Jack Horner's quest to hatch a dinosaur makes comparisons to Jurassic Park unavoidable - especially given that the paleontologist was an adviser to the film. Rather than extracting DNA from dino blood in a petrified mosquito, however, Horner wants to manipulate the embryo of a chicken and create a bird with teeth and a reptilian tail. Patrick Lawlor's narration of Horner's fascinating work is mostly enthusiastic and engaging, and he's comfortable with the scientific jargon. He does show some insensitivity to the text, and while there are not huge flaws, this detracts from an otherwise polished production.
Jack Horner, the scientist who advised Steven Spielberg on the blockbuster film Jurassic Park and a pioneer in bringing paleontology into the 21st century, teams up with the editor of the New York Times's Science Times section to reveal exactly what's in store.
In the 1980s, Horner began using CAT scans to look inside fossilized dinosaur eggs, and he and his colleagues have been delving deeper ever since. At North Carolina State University, Mary Schweitzer has extracted fossil molecules---proteins that survived 68 million years---from a Tyrannosaurus rex fossil excavated by Horner. These proteins show that T. rex and the modern chicken are kissing cousins. At McGill University, Hans Larsson is manipulating a chicken embryo to awaken the dinosaur within---starting by getting it to grow a tail and eventually prompting it to grow the forelimbs of a dinosaur.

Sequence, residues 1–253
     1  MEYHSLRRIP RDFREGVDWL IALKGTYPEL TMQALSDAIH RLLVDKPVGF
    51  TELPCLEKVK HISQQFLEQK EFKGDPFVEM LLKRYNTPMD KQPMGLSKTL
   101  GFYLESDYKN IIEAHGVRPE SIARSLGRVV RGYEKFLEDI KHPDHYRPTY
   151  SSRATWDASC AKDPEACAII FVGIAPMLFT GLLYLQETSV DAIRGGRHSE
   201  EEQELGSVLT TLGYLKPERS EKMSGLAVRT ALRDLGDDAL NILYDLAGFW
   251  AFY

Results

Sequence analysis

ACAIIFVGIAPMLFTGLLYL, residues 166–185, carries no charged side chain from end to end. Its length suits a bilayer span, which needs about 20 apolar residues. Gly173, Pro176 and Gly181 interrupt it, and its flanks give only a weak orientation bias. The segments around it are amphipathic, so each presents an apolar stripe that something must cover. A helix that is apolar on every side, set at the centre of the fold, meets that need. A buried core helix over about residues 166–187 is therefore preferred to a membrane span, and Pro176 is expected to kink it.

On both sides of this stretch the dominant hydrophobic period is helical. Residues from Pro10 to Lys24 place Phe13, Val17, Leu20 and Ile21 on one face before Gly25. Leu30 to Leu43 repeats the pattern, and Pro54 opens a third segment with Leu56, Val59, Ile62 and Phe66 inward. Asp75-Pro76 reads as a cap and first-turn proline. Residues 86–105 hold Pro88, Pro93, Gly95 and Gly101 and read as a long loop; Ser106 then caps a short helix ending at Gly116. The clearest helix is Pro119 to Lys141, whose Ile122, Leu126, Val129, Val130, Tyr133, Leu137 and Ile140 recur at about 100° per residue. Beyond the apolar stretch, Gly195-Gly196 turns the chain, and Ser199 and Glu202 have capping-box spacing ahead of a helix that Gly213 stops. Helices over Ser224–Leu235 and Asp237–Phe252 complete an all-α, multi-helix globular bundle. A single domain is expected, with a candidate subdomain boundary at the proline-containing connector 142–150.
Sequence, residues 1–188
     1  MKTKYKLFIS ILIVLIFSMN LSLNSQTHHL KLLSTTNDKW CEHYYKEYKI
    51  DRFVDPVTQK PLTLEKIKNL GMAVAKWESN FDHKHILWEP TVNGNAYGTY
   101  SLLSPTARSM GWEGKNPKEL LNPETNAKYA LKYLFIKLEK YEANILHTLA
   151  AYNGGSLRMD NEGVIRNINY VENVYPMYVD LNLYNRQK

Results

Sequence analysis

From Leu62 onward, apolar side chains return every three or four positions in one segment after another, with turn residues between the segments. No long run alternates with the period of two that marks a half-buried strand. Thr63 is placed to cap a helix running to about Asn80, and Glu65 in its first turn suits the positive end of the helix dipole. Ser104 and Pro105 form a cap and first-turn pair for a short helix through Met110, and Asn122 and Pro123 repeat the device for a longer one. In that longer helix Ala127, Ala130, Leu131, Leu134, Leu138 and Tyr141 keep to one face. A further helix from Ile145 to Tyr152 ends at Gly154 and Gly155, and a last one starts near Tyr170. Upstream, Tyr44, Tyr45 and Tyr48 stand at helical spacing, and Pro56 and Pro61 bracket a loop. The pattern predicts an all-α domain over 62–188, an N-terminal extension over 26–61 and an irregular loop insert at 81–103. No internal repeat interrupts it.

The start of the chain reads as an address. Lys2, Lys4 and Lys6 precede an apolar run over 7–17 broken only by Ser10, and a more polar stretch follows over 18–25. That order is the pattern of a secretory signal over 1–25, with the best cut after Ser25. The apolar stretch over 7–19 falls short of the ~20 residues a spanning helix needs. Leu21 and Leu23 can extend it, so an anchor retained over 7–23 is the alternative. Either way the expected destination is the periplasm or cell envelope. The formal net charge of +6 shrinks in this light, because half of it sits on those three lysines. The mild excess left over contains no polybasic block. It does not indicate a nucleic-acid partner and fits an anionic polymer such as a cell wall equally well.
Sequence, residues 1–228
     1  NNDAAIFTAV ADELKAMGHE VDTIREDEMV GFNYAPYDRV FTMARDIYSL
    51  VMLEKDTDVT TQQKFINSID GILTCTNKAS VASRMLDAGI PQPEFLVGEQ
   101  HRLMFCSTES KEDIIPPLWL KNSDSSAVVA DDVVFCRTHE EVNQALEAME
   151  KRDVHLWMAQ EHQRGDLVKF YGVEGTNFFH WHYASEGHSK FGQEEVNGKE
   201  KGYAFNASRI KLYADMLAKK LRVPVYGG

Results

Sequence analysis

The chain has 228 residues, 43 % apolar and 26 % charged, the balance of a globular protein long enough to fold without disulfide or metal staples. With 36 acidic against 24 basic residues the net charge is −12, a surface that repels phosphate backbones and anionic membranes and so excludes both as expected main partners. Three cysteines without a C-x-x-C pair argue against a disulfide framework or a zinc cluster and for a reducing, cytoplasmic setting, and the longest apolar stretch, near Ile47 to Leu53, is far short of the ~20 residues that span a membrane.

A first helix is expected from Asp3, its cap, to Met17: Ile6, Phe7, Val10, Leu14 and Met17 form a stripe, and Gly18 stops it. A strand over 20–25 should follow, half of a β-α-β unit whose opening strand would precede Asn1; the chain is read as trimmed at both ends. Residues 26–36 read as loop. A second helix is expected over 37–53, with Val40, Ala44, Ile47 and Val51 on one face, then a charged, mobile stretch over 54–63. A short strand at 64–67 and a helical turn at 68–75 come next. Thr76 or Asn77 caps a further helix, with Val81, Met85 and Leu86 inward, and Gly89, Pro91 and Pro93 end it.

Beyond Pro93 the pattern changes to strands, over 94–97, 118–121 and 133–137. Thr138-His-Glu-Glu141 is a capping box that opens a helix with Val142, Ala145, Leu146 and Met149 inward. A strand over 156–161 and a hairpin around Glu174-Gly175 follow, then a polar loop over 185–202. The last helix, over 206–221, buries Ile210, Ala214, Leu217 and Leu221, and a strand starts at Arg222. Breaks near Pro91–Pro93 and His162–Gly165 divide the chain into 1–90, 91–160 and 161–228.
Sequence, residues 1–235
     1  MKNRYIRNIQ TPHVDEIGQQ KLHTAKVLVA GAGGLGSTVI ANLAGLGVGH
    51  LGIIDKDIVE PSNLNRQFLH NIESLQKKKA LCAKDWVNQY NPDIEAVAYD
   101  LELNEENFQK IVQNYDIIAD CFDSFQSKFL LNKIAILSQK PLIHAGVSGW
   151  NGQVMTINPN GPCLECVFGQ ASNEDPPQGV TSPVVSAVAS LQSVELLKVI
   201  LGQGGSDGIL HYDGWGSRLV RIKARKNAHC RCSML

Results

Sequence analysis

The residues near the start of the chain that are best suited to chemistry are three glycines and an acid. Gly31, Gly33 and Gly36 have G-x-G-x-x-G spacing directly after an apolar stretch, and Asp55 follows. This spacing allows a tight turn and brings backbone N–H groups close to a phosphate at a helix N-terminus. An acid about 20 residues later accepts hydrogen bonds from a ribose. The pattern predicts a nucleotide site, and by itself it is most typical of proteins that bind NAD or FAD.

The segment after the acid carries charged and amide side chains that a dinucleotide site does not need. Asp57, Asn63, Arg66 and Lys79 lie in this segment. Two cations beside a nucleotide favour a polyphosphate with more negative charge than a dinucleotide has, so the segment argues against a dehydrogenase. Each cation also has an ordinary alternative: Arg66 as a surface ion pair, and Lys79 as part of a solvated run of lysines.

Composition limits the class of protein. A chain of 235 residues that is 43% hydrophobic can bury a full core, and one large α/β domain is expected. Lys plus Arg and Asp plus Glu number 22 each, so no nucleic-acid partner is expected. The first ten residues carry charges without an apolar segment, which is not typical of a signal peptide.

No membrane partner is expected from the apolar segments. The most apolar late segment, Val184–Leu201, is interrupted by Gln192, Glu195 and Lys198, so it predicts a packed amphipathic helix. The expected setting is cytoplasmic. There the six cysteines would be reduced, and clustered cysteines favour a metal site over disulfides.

All of this is happening without changing a single gene. This incredible research is leading to discoveries and applications so profound they're scary in the power they confer on humanity. How to Build a Dinosaur is a tour of the hot rocky deserts and air-conditioned laboratories at the forefront of this scientific revolution.
©2009 Jack Horner and James Gorman; (P)2009 Tantor
This book wanders all over the place. It starts with a very interesting hypothesis about how embryonic development of a chicken might be manipulated to recreate the morphology of dinosaurs (i.e the great great grandfathers of birds), but then it digresses. The author is not content to educate us about dinosaurs. We're also told about Clovis people, Lewis and Clark, buffalo hunting, a dog attack by a beaver, Indian use of horses, etc. etc. It also is full of silly analogies (e.g. post-meteorite earth is compared to the wild West). I could only get halfway through it. If there's no thief like a bad book, then this is the John Dillinger of books. If you're interested in dinosaurs, Audible has several good books. Unfortunately, this isn't one. Hard to believe the author (Jack Horner) had the assistance of a professional writer (James Gorman). I'm sure Horner could have done this badly on his own.
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